Friedrich Nietzsche has many criticisms of Jesus and Christianity. In Human, All Too Human, and Twilight of the Idols for example, Nietzsche accuses the Church's and Jesus' teachings as being anti-natural in their treatment of passions, in particularly sexuality: "There [In the Sermon on the Mount] it is said, for example, with particular reference to sexuality: 'If thy eye offend thee, pluck it out.' Fortunately, no Christian acts in accordance with this precept...[24] the Christian who follows that advice and believes he has killed his sensuality is deceiving himself: it lives on in an uncanny vampire form and torments in repulsive disguises."[25]

Antisexualism drew sharp criticism from Bertrand Russell in his Marriage and Morals:

Westermarck gives many instances of what he calls ‘the curious notion that there is something impure and sinful in ... sexual relations.’ ... It should be said to begin with that it is useless to look to beliefs as the source of this kind of attitude. Beliefs of this sort must be in the first place inspired by a mood; it is true that when once they exist they may perpetuate the mood, or at any rate actions in accordance with the mood, but it is hardly likely that they will be the prime causes of an anti-sexual attitude. The two main causes of such an attitude are, I should say, jealousy and sexual fatigue.

— Bertrand Russell, Marriage and Morals, chapter "PHALLIC WORSHIP, ASCETICISM AND SIN"[26]

According to Bertrand Russell, an anti-sexual attitude must be regarded as purely superstitious and those who first inculcated antisexualism must have suffered from a diseased condition of body or mind, or both (Marriage and Morals, chapter "CHRISTIAN ETHICS").[26]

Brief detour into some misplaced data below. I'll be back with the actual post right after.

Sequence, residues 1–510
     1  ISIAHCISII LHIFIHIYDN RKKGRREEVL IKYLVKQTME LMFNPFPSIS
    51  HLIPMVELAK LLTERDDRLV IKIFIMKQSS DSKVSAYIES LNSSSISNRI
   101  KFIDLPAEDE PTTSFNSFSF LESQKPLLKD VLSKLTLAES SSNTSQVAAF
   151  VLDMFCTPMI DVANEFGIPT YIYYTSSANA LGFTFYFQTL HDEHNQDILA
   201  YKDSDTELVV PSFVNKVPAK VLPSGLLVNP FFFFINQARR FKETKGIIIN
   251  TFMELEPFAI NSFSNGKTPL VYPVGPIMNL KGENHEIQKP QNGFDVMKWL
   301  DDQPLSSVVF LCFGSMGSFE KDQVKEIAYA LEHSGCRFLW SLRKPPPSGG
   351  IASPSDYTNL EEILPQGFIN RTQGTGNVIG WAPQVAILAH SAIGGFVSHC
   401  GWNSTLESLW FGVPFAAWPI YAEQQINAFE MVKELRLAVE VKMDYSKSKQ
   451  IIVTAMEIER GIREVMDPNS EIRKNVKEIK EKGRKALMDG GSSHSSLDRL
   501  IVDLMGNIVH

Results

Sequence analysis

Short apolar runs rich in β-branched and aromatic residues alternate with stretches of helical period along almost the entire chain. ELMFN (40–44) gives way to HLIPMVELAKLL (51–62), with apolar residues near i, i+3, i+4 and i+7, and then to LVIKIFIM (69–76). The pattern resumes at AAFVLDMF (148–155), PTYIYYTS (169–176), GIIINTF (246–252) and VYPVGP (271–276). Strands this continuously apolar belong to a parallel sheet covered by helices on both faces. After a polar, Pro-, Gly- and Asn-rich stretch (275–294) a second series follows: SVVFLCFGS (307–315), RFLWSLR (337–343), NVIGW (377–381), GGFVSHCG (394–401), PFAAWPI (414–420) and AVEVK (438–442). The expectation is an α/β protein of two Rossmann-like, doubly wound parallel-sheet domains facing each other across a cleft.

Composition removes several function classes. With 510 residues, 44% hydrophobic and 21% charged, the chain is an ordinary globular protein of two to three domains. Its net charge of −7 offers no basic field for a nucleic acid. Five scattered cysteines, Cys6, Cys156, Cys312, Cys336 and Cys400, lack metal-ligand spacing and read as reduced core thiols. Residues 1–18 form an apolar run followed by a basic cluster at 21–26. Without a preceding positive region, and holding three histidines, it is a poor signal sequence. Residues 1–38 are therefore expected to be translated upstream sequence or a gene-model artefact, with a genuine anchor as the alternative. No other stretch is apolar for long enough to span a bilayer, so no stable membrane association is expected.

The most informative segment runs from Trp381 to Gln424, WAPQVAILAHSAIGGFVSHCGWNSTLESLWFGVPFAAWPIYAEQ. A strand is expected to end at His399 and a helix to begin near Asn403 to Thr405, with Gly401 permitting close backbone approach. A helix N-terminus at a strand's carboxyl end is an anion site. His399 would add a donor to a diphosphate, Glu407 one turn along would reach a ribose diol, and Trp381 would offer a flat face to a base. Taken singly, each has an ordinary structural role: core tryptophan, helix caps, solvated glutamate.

John Harvey Kellogg, the inventor of the "corn flakes" variety of breakfast cereal, was opposed to all forms of sexual activity, especially masturbation.[27] The Road to Wellville satirized his life and practices.[28] According to some sources, the early Christian theologian Origen castrated himself to avoid temptation and remain pure.[29] Female circumcision may have been developed to discourage women from having sex.


See also[edit]


  1. ^ John Ince (2005), The politics of lust, Prometheus Books, p. 11, ISBN 978-1-59102-278-7, consists of any negative response directed at sex organs or harmless sex expression
  2. ^ Schmit, Timaree (16 May 2017). "Philly collective talks sex-positive resistance in American politics". Archived from the original on 2017-06-06.
  3. ^ "The HIV drug dispute highlights the danger of the conservative case for gay rights". www.newstatesman.com. 2 August 2016. Archived from the original on 2017-12-22.
  4. ^ Rubin, Gayle. "Thinking sex: Notes for a radical theory of the politics of sexuality." Social Perspectives in Lesbian and Gay Studies; A Reader (1984): 100-133.
  5. ^ Berer, Marge. "Sexuality, rights and social justice." Reproductive Health Matters 12.23 (2004): 6-11.
  6. ^ Dillon, M. C. "Sex objects and sexual objectification: Erotic versus pornographic depiction." Journal of Phenomenological Psychology 29.1 (1998): 92-115.
  7. ^ "Another GOP Lawmaker Got Caught In A Sex Scandal. Here's Why You Should Defend Him". 29 November 2017. Archived from the original on 22 December 2017.